FOR IMMEDIATE RELEASE
CHICAGO, Ill. — Kent Dorfman, chairman and sole acting member of the 111 Rules Committee, today announced sweeping changes to the 111 East Chestnut Condominium Rules & Regulations.
- “All beer bottles on the pool deck must be transported there in an approved cooler;”
- “Boomboxes will be permitted on the West, North and pool decks but only between the hours of 10 am and 1 am;”
- “Dogs of any size are now encouraged to use the front entrance exclusively;”
- “Bicycles, roller blades and skate boards are now permitted on all decks and any common area.”
Also, as there are current plans to amend the By-Laws to ban smoking in units, the new rules include a provision to accommodate young smokers. Flavored cigarettes, bongs and hookah pipes will be permitted in the new and expanded Engineers’ Lounge located on the 9th floor.
Dorfman said: “Dorm life is all about FUN and lots of it. Sure your midday nap might be interrupted by a neighbor rolling a roommate down the hallway in a grocery cart, but that’s a small sacrifice to make. Where else can you play kickball in the hallway, or have a kegger on the 9th floor deck in downtown Chicago? This gives us a competitive edge.”
The new rules are effective immediately.
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Seriously folks… it’s not about the rules. It’s about what we’re secretively being led to cater to, and what that means long-term to all of us.
On January 7 of this year, our Board president Anthony Milazzo said, “We currently have 155 tenants out of 444 total units in our building. This represents a percentage of about 35%.” Regrettably, again he was being purposely misleading. The very comparison of tenants and units is apples and oranges. Our property manager subsequently told a homeowner that it’s more like 157 tenants renting/occupying conservatively 163 units (i.e. 38%). Other sources claim that even that significantly underestimates the actual.
Bottom line: Despite rentals in many ways being in conflict with the very concept of a common interest development, it’s all about balance. And when you’re outta balance, like porn, it’s hard to define but ya know it when you see it.
Here’s what we see:
- Resident owners are more likely to maintain common areas than tenants. Social scientists have found that tenements are tenements for a reason.
- Frequent move-ins and move-outs not only result in disruption, inconvenience and property damage, it also creates an overall transient atmosphere.
- Research by S. Barton and C. Silverman titled “Common Interest Homeowners’ Associations Management Study,” found that an increase in the percentage of rentals and the overall percentage of rentals in a condo association directly correlates with a higher number of rule violations. And that’s not only about ignorance of the Bylaws and Rules & Regs, it’s more a reflection of a total lack of commitment to the community. Fact is, fences make for good neighbors. When rules and regs are out of control, it ultimately pits resident against resident passively causing a distinct degradation in the overall quality of life.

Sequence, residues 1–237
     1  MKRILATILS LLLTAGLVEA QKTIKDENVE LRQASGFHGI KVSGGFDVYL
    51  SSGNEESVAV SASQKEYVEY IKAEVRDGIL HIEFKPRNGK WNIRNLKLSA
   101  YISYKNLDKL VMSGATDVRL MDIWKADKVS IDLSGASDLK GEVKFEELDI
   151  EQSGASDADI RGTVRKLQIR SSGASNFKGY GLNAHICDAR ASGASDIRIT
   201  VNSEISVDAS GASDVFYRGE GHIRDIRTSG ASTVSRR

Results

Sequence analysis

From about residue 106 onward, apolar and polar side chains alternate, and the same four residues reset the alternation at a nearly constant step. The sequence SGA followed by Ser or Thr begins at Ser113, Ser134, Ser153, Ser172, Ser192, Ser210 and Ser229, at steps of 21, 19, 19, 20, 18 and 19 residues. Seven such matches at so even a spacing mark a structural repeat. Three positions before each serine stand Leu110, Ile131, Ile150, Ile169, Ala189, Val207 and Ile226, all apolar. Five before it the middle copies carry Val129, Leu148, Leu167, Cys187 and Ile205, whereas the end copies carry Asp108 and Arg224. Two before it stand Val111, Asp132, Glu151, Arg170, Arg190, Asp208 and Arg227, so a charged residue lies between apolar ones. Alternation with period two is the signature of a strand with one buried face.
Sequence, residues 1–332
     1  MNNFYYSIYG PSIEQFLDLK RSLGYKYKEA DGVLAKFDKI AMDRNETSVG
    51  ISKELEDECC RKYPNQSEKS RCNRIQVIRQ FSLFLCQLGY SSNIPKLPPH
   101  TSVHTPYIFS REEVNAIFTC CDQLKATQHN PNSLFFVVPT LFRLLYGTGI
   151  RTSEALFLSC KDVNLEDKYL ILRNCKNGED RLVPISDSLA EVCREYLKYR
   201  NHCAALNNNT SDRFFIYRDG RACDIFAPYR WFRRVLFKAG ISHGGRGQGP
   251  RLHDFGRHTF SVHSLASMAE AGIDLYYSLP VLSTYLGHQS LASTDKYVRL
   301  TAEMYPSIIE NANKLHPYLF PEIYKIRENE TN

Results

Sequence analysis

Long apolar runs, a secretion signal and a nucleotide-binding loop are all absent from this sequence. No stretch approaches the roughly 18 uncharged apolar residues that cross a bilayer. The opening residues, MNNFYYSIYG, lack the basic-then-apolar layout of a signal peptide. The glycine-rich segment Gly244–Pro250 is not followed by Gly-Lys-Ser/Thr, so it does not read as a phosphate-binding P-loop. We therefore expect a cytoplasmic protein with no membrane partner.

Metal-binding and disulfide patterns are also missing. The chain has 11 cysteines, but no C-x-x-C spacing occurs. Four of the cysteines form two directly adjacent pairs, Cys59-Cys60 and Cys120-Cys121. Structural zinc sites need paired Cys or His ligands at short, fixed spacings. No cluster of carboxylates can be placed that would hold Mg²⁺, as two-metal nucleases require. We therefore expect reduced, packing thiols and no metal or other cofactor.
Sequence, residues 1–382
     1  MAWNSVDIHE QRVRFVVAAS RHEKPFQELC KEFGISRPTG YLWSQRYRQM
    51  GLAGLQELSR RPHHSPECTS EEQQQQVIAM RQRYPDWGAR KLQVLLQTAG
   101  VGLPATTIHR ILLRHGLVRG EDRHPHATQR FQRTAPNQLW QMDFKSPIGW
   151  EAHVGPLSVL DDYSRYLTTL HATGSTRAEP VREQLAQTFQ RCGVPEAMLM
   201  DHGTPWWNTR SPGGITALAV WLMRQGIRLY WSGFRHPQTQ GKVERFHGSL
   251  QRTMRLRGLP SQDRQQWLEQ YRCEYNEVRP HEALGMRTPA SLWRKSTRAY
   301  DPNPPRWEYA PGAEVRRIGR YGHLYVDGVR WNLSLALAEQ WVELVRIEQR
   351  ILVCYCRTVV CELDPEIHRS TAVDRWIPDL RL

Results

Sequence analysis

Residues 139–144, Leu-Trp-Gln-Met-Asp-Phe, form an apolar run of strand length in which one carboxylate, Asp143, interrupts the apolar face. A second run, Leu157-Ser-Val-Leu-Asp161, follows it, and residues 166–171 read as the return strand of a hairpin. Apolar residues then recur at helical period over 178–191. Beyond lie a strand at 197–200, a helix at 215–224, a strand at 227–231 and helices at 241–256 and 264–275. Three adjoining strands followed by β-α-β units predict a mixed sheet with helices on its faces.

- Invariably, property managers that see a higher incidence of rule violations by tenants also report a general overburdening of the Association recreational facilities. We are definitely seeing that. We see it at the pool; and it’s gotten worst year after year. We’re actually indulging it with an unnecessary $40,000 face lift for the workout room.
- That stress on common elements undoubtedly has an effect on the overall quality and appearance. Besides the added burden put on the Association’s repair and replacement resources, the overall deterioration results in decreased property values. We’re experiencing that, too.
- Also, lenders providing funds for buyers and for refinancing owners routinely require disclosure of the number of non-owner occupied residences as part of their underwriting procedures, and the tenant population in the development is used as a basis for determining whether such financing will be provided, the amount of the cash deposit required, and the cost of the funds.
- And insurance carriers for homeowner associations also require disclosure of the tenant population as part of their underwriting procedures, and charge higher premiums or refuse to provide coverage for the Association as the tenant population increases.
- Finally, restricting rentals in a common interest development increases the available stock of housing for resident owners. Homeowners in the housing market must compete with investors who are speculating on market conditions to increase their capital, and are not personally in need of housing.
It’s a vicious cycle. Again, the solution is about balance. The announcement was meant to be oddly humorous. The joke works only because it’s not far from the truth. Here again, the joke’s on you. Truth is, we are out of balance and that needs to be addressed.